More Possible Uses: Surfactants
Several derivatives of inulin, the poorly water-soluble fructan, have been developed as detergents and surfactants. Advantages of a fructan-based detergent include absence of phosphate, biodegradability and the fact that the feedstock is from a renewable source. Since inulin and levan are chemically similar, preparing levan derivatives corresponding to the inulin derivatives offers the possibility of making environmentally friendly cleaning products based on a more readily water soluble polymer.
Levan is a hydrophilic sphere up to 200 nm in diameter. The branches sticking out of the sphere surface offer a large number of substitution sites for large hydrophobic moieties with minimal steric hindrance. Larger hydrophobic chains generally make a stronger surfactant. A more powerful surfactant allows the use of smaller volumes.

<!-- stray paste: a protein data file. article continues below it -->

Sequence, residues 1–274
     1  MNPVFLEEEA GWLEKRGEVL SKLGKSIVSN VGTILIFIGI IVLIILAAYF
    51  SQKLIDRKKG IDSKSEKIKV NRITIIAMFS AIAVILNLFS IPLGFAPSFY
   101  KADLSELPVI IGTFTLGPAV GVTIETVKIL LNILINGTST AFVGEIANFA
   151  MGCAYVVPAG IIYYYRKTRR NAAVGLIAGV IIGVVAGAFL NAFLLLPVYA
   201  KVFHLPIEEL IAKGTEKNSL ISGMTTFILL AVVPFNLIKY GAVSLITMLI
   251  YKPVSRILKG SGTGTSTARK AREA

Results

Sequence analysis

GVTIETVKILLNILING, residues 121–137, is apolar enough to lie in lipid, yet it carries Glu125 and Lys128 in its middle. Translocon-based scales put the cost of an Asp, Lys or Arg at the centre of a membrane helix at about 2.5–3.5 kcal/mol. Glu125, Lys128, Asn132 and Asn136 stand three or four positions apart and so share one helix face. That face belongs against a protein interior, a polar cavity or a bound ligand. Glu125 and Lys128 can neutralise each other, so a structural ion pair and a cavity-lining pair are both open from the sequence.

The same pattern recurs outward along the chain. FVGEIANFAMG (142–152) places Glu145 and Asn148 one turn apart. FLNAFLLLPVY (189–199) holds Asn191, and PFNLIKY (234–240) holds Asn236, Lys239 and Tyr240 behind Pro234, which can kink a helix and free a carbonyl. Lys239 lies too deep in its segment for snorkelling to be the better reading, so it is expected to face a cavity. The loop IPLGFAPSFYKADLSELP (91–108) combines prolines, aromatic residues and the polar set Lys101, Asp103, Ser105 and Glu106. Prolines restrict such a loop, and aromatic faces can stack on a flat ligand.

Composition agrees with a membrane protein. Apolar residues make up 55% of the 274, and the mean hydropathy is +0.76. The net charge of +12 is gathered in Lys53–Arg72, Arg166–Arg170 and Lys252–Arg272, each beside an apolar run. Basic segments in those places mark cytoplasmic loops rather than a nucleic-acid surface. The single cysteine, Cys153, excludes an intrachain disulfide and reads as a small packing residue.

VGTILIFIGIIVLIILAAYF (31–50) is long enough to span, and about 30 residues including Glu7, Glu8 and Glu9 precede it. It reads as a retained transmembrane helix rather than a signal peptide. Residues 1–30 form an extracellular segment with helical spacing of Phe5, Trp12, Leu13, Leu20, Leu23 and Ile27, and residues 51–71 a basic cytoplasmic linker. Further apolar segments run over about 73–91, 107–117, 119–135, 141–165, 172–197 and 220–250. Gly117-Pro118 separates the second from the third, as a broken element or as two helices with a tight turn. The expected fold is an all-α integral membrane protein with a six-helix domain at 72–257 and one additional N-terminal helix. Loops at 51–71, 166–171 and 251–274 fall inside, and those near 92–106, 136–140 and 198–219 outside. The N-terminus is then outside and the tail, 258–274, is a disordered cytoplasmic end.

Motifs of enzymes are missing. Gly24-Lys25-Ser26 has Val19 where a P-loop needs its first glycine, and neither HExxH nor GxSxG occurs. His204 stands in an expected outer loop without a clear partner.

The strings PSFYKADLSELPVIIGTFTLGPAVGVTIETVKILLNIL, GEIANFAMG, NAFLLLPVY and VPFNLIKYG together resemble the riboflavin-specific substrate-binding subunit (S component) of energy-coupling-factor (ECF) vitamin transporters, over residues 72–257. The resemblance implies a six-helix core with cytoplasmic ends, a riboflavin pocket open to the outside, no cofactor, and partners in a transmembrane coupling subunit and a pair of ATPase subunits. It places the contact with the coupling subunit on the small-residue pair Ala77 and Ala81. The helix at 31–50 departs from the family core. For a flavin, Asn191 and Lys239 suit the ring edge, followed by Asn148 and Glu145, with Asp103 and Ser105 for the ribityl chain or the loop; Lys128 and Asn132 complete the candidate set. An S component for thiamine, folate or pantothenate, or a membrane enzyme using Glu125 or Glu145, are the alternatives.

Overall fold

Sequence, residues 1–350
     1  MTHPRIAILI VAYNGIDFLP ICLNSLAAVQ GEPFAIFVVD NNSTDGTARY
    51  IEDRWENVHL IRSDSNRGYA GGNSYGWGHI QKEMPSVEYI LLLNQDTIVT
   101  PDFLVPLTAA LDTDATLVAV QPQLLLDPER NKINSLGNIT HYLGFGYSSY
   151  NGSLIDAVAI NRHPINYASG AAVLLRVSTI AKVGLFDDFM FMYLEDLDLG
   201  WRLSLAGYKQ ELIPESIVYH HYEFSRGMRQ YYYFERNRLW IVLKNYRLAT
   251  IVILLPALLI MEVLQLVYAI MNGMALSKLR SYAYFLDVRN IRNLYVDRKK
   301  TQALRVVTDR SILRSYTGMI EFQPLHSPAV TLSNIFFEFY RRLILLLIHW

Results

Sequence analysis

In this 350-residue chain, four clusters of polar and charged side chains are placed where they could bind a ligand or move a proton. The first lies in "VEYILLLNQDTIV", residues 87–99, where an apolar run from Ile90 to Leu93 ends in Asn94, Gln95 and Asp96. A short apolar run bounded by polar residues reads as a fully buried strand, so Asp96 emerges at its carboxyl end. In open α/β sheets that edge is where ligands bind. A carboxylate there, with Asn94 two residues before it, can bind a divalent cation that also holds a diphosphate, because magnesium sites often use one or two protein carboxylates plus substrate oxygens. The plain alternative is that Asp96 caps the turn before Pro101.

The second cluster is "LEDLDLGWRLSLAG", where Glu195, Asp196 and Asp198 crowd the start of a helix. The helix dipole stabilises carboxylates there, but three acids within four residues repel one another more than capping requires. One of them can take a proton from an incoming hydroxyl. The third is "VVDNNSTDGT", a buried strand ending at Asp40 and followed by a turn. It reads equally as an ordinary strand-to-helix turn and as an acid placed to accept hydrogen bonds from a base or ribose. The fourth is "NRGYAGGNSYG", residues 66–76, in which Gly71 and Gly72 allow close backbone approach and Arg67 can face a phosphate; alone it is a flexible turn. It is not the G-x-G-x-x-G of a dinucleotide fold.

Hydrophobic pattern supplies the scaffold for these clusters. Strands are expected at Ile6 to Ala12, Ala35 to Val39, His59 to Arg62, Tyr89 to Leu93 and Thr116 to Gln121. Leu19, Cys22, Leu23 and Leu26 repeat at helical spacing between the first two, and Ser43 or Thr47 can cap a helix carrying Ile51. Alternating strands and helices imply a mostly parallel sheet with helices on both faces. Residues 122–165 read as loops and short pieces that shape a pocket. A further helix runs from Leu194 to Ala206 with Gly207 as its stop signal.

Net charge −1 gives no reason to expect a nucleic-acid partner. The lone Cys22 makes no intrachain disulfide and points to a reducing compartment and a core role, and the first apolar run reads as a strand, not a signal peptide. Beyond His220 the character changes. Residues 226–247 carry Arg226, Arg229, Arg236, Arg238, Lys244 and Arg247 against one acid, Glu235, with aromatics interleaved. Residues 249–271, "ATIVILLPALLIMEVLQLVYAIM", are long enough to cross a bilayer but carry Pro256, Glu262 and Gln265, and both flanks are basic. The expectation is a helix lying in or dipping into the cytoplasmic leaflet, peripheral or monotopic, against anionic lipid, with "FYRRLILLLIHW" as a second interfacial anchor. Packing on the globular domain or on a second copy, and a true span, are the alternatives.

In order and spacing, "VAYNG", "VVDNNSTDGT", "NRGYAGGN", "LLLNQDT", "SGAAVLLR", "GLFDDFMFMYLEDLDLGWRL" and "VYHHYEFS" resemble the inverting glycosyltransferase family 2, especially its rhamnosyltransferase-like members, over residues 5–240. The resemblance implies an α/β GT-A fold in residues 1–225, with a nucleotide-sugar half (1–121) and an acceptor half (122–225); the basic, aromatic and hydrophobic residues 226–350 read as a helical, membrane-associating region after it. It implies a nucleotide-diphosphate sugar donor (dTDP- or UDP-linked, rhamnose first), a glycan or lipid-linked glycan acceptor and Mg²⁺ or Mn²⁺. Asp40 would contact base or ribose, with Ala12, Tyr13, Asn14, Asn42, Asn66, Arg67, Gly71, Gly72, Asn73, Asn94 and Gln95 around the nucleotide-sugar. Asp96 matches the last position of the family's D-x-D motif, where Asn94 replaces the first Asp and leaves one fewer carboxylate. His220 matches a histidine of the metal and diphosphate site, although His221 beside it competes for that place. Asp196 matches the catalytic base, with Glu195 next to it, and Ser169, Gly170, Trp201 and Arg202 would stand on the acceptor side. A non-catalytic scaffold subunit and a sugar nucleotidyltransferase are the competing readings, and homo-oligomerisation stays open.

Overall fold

A recent paper describes a mathematical model of energy in topical storms (Barenblatt). Calculations suggest large water droplets from rough seas lead to reduced turbulence and a sharp acceleration in flow, accounting for rapid wind acceleration. Even ancient mariners knew that spreading oil (surfactant) on the water could reduce squall intensity. This mathematical formula shows that wind speeds at 200 mph in the presence of large water droplets (rough seas) can be reduced to only 27 mph by removing the water droplets (calm seas). The authors suggest the damping of hurricanes by use of a surfactant. If this theory is to be tested, it will be essential to have an environmentally safe surfactant. A levan-based surfactant has the potential of filling that need.
Barenblatt G, Chorin A, Prostokishin V. A note concerning the Lighthill "sandwich model" of tropical cyclones.
Proceedings of the National Academy of Sciences USA 102: 11148-11150 (2005).
Stevens C, Booten K, Laquiere I, Daenekindt L. Surface-active alkylurethanes of fructans.
Patent number EP0964054A1 (1999).
Van Brussel-Verraest D, Peters J, Van Bekkum H. Inulin derivatives. Patent number